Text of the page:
Finally, Lord Holmes gathered his men back under control and they formulated a quick plan for an assault on the Marder tank.  Hoping that destroying the second German tank would demoralize the Germans, the British hopped from cover and made a desperate dash towards the Marder.  One of their best men nearly got close enough to it to lay a charge but again the German tank commander saw through their tactics, withdrawing from the British approach and firing at them with carefully aimed shots.
As Holmes and his men pulled back to the forest, he suddenly spotted several German squads sitting in the British positions.  He barely had time to mouth a curse word before Sgt. Baumann and his men cut the British troops to pieces with MG34 and small arms fire.
Lord Holmes is killed in melee while the hero, Chapman, barely hangs on.

Meanwhile, Pvt. Chapman and his men fired helplessly at the Stug to the south but were completely unable to score any effective hits.  With their position given away, it was only a matter of time before something bad happened.  It finally did.  The Marder and the Stug opened up on his position, sending his squad scrambling for cover.  He turned around in his slit trench to witness one of his men get a bayonet thrust into him.  A German soldier was in his position, wreaking havoc.  Suddenly, more Germans flooded into the woods around him.  He fired wildly, felling two or three enemies before everything went dark. 

Lt. Koch reached the small shack with his squad.  They had been using overwatch to carefully arrive at the door.  Inside was a small determined band of Brits.  He hoped it was the last group.  The Paras were tough fighters, especially at close range.  While the other squads had loosed their fire early at them and given away their approach, Koch and his men took the opposite tack, gingerly approaching the door.  After they got close enough without encountering any fire, they crept to the windows and threw in the grenades.  Several mighty explosions rang out and Koch’s men, well-trained soldiers from the 21st Panzer, leapt inside.  Bloody fighting ensued there in the shack and in the end, Koch walked out with only half his men alive but with the shack secured.  The road was open now thanks to their efforts and the Germans now had a way to push the invaders back to the sea.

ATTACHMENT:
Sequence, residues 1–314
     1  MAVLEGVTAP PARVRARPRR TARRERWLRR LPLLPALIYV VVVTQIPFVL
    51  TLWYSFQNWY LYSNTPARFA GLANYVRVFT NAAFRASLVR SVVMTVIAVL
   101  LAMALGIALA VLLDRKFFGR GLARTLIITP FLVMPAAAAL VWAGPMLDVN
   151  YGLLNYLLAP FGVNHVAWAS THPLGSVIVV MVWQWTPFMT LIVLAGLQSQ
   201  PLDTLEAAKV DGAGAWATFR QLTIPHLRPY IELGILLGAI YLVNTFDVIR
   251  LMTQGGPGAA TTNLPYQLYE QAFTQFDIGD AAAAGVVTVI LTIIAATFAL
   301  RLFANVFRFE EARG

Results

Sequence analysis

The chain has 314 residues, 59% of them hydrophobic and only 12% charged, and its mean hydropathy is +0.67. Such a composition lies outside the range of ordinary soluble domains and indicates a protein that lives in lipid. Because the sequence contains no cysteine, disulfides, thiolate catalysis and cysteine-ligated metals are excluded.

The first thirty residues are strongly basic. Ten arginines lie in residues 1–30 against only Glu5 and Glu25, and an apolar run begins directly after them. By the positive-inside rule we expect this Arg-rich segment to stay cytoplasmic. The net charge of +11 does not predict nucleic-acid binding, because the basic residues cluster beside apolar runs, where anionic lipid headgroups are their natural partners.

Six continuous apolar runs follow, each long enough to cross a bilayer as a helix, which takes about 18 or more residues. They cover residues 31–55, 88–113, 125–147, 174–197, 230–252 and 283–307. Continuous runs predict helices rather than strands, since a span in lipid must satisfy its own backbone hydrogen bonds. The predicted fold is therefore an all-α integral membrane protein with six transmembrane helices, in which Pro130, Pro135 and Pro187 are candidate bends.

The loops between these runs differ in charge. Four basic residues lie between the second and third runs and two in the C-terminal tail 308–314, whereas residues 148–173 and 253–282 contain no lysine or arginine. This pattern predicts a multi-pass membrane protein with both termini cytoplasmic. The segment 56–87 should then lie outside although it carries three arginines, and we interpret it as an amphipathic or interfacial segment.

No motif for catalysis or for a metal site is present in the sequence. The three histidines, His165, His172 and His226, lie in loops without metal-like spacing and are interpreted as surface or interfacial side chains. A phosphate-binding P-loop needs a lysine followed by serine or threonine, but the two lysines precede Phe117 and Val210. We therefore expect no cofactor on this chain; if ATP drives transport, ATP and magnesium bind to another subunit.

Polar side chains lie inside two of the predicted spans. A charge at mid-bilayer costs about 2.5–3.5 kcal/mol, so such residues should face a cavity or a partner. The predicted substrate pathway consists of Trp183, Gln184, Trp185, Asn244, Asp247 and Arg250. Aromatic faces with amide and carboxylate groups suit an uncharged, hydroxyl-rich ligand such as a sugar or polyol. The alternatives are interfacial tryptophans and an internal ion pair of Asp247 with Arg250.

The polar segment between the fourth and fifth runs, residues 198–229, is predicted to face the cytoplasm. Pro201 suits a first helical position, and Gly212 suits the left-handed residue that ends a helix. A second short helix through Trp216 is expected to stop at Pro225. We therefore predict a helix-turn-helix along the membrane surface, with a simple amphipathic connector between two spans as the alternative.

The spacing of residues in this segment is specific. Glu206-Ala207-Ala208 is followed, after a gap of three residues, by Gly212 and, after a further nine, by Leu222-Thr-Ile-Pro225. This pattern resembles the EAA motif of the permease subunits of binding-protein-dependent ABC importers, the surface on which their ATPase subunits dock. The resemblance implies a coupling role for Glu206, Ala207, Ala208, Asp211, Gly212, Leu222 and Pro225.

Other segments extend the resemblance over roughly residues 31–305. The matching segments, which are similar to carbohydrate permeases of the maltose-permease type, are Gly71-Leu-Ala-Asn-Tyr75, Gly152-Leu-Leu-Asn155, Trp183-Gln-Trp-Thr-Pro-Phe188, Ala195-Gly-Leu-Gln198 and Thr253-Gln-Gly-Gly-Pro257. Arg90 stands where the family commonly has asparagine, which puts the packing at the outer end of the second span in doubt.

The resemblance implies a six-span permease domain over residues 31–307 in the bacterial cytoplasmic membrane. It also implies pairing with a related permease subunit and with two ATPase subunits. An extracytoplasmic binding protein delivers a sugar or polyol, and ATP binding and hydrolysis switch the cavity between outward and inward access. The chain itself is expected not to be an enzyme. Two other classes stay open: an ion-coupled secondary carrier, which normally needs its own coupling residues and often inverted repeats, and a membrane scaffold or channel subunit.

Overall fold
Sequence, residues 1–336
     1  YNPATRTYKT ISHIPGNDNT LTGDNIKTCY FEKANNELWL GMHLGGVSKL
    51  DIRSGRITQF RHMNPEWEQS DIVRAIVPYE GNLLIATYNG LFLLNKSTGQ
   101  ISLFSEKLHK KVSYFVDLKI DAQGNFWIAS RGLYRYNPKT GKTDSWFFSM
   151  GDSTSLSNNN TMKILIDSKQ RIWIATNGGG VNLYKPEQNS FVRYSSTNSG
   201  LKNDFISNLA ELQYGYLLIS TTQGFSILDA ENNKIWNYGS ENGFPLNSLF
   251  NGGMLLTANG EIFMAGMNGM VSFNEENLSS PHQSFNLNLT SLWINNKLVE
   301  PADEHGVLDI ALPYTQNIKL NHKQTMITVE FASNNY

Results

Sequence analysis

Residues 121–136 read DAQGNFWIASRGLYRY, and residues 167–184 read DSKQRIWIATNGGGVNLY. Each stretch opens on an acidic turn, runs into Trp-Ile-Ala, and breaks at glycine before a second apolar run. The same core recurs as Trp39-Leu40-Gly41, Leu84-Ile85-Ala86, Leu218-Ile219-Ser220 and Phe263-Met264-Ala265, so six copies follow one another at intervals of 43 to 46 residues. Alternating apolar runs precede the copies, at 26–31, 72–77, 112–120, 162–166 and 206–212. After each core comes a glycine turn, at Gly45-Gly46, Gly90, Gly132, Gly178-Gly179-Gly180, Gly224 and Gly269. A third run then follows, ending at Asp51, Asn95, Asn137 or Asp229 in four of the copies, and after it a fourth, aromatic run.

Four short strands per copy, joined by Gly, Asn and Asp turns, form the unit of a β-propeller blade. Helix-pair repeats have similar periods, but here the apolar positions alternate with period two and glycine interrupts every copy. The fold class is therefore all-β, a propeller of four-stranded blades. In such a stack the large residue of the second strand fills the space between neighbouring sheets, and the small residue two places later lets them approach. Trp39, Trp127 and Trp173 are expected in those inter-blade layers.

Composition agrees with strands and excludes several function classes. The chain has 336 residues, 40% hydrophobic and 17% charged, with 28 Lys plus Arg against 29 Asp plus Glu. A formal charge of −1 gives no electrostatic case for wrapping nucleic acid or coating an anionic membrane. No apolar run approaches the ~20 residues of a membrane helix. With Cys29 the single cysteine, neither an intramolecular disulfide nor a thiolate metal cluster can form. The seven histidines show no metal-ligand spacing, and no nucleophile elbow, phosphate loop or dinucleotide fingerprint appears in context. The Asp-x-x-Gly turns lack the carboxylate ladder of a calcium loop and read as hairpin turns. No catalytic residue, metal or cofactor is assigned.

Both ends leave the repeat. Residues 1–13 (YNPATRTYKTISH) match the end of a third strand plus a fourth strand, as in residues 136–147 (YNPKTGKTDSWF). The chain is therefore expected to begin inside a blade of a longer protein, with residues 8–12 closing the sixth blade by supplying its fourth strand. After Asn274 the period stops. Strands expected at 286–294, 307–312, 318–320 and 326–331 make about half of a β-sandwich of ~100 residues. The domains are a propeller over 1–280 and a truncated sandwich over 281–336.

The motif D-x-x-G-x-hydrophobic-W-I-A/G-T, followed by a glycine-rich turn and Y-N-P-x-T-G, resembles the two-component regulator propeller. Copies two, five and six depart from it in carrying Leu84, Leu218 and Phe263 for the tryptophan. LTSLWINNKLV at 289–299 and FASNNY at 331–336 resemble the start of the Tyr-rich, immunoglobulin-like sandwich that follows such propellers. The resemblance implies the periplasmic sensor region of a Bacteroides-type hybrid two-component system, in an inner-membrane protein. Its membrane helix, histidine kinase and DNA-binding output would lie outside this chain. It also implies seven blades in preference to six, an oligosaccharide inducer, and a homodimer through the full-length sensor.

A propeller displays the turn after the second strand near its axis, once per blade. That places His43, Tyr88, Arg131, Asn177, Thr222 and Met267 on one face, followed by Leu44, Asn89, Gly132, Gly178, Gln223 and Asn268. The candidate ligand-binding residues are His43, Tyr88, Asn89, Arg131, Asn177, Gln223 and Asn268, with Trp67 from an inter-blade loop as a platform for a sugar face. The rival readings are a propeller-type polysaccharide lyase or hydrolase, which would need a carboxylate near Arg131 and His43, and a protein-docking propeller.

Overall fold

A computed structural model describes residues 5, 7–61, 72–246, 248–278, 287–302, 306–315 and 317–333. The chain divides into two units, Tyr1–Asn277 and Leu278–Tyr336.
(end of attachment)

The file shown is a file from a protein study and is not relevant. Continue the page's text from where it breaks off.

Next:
The last British Para squad holds off the Germans but is eventually overwhelmed.
Very close game!  The British really did hold on to the very end but were completely eliminated at the close of turn 7.  Even with the death of the only real leader (Holmes), the Brits managed to stick it out quite well.  It’s a very tough scenario since the Germans have a ton of ordnance and if they concentrate on one target, they can really mess it up badly.  The Brits had some real unlucky breaks.  By all accounts, Lord Holmes and his men should have destroyed that Marder in all those close assault attempts but the dice just would not work in their favor.  This was also true of attempts to shake up the second German Stug.  It’s important to note that, in this scenario, if the British manage to destroy two German tanks, it forces the rest of their men to make a morale check or be shaken.  Thinking back on it, the Brits should have tried for two Shaken results against the Marder by using small arms fire rather than using close assault.
Unfortunately, the British concentrated so much on getting that second tank destroyed that they lost all focus on what the German infantry were doing and basically got overwhelmed.  After the 57mm took out the first Stug, the dice just refused to help the British out in any way at all. This a pretty good scenario and I find that the win/loss rate for both sides is about 50/50.  With such a small map and few forces on each side, there isn’t much room for mistakes but the close-in fighting makes for some very intense action.